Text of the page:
Today’s RTI was supposed to be on the employment report, but with the government shutdown the release has been delayed. After studying the stock market’s reaction to employment report surprises, the report is probably an overrated indicator of market direction anyway, but employment is a key factor driving monetary policy and labor trends are a marker of economic health.
Watching stock price action over the past few days, it seems like the stock market is more concerned about the lifting of the debt ceiling and the payment of interest to debt holders than the shutdown of government operations.
The lack of government activity is a headwind to economic growth, but the dooms day scenarios projected by those inside the beltway are probably overstated. The shutdown won’t last forever.
Default is more meaningful as it would permanently change the landscape of government spending (require almost immediate budget balance) and cast a cloud over the collateral value of treasuries. Talk about a way to downsize government quickly. Some reports suggest banks are raising cash to prepare for default which underscores the impact on collateral value.
Part of trading and investing is being wrong. Nobody is right on their stock picks 100% of the time. Trying to figure out the events in Washington may be even harder than finding a good stock. In this spirit, I thought it would be interesting to get your view on the outcome of the current stalemate in Washington.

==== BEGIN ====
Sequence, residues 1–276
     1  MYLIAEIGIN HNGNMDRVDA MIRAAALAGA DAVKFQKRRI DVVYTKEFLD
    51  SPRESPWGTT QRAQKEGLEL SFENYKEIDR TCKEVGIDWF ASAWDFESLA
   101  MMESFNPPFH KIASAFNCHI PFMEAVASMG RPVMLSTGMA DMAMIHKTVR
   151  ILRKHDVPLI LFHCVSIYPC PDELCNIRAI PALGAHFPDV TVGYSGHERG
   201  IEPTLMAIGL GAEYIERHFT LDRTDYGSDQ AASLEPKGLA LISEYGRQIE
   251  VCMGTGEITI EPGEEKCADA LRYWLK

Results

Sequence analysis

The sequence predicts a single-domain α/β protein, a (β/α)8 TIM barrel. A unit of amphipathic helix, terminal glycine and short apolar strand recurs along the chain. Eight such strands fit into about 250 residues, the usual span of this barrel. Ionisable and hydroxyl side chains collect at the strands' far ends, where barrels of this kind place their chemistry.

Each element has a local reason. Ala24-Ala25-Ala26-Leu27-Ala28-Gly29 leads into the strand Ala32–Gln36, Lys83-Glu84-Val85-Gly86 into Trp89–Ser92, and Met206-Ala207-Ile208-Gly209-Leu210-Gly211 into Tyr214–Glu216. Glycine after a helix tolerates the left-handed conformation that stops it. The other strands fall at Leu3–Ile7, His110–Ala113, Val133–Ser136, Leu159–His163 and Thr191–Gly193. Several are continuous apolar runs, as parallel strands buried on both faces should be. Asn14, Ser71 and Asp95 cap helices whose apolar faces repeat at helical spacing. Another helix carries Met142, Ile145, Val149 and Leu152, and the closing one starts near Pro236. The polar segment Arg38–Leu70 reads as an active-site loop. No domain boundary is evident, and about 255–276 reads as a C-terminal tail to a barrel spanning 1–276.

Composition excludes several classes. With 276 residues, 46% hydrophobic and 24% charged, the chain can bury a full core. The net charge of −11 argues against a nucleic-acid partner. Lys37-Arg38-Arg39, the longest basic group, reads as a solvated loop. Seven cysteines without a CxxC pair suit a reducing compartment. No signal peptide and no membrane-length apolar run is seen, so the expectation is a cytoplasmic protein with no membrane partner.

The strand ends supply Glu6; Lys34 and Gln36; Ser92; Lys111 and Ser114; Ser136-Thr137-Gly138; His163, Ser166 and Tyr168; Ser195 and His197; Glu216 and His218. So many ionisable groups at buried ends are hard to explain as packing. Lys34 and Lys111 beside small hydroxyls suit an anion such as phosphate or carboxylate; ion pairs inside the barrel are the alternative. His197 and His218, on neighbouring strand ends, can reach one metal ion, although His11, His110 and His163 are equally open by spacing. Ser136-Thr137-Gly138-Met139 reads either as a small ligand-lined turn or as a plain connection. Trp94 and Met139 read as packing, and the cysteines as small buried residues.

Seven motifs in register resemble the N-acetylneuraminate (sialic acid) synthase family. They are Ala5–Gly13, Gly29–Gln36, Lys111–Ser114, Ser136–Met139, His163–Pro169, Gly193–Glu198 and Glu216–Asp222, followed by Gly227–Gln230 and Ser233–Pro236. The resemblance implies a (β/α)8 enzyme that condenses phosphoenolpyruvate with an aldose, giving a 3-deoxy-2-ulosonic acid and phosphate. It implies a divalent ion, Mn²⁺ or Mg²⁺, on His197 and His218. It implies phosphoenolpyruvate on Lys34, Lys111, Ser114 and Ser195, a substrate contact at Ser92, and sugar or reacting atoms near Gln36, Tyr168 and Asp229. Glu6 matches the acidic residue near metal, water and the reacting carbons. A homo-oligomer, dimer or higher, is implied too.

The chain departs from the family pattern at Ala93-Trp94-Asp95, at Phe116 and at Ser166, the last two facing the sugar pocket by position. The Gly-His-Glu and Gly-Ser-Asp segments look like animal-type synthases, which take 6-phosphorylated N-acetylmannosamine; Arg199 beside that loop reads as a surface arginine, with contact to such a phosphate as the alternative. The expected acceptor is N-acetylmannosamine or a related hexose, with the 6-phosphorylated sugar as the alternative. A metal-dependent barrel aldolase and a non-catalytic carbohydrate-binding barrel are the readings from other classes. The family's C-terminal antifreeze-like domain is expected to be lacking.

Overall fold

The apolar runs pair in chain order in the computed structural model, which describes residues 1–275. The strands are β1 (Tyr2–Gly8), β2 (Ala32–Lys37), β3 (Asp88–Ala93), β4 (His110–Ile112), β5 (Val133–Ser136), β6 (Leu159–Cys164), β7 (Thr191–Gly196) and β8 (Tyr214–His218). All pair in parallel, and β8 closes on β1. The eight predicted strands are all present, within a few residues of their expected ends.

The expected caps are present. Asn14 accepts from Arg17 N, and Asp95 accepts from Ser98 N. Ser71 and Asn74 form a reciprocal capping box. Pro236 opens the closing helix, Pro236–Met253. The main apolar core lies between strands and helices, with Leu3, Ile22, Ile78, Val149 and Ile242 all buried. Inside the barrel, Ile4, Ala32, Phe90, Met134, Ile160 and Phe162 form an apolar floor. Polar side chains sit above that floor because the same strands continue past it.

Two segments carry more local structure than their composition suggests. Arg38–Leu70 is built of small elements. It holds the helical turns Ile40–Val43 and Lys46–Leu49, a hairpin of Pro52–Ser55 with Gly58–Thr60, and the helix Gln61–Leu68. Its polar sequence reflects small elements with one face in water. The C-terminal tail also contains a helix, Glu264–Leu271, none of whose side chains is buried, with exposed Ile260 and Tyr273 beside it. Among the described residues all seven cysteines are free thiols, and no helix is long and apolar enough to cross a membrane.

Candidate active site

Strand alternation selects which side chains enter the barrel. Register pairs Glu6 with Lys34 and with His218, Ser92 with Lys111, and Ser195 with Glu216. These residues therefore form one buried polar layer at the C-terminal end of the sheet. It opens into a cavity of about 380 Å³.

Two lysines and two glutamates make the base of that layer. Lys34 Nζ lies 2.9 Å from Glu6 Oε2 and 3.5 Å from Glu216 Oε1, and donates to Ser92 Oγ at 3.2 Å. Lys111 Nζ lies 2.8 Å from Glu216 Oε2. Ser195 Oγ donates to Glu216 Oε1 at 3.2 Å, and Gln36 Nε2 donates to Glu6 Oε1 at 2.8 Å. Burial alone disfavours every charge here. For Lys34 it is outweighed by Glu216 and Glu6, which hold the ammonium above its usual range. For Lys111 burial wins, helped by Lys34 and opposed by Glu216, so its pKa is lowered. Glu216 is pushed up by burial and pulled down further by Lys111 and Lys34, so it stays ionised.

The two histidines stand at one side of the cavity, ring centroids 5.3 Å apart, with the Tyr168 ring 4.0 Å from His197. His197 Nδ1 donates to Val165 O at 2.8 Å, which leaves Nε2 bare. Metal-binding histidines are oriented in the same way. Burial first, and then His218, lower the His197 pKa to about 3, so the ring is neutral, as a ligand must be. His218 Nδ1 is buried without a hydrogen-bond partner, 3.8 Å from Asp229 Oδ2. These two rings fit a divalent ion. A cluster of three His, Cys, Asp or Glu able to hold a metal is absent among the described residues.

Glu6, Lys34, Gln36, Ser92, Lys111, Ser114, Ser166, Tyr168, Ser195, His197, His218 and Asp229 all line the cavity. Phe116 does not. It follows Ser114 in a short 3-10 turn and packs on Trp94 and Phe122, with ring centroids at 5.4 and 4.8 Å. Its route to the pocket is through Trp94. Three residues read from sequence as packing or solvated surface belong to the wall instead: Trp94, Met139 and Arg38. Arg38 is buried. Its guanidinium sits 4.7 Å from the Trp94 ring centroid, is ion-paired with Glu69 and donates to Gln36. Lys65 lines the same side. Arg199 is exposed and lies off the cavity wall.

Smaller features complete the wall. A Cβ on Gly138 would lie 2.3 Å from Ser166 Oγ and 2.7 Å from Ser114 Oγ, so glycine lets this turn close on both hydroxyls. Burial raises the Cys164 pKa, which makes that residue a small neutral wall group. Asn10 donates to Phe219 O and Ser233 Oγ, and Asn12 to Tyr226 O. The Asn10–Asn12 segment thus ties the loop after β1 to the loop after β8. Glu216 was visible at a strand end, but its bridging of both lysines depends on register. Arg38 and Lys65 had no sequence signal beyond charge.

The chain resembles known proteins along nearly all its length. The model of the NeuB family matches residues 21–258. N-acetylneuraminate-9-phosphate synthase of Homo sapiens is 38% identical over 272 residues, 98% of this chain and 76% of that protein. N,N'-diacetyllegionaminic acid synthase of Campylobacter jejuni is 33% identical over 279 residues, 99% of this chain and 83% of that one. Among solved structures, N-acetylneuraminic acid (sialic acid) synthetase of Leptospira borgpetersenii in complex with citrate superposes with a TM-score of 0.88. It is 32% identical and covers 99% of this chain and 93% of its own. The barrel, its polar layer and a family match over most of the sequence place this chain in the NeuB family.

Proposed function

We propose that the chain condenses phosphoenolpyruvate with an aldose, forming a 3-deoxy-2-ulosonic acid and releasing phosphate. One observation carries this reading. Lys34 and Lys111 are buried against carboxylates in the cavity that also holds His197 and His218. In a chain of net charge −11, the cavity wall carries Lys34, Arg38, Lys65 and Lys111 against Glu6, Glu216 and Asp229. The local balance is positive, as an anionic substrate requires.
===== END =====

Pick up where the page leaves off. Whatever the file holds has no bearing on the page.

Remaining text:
Don’t be bashful. Let me know how you think the saga will play out. I’m tired of listening to the talking heads on TV and want to hear from real people who are passionate about investing and have money on the line. Here are some choices:
1) The Republicans in Congress “cave” with the government funded and the debt ceiling increased with clean bills (no attachments) by October 17. It was all a political statement.
2) The Democrats provide a concession or two (not on ObamaCare), and the government is funded and the debt ceiling is raised by the October 17. The two sides eventually negotiate a deal.
3) The debt ceiling is raised cleaning, but the government continues in shutdown mode. The sides agree that default is bad, but on nothing else.
4) The debt ceiling is raised cleanly, and the government sees targeted funding. The House continues to pass funding that is targeted by program or operation i.e. Social Security, military, Medicare, etc. The Senate tires and goes along. The media and conventional wisdom favor the Democrat position, but for how long? One could objectively argue that Senator Reid is an obstructionist and no better than a Tea Party member – its perspective and linked to political ideology.
5) Other, name your scenario. I’m interested.
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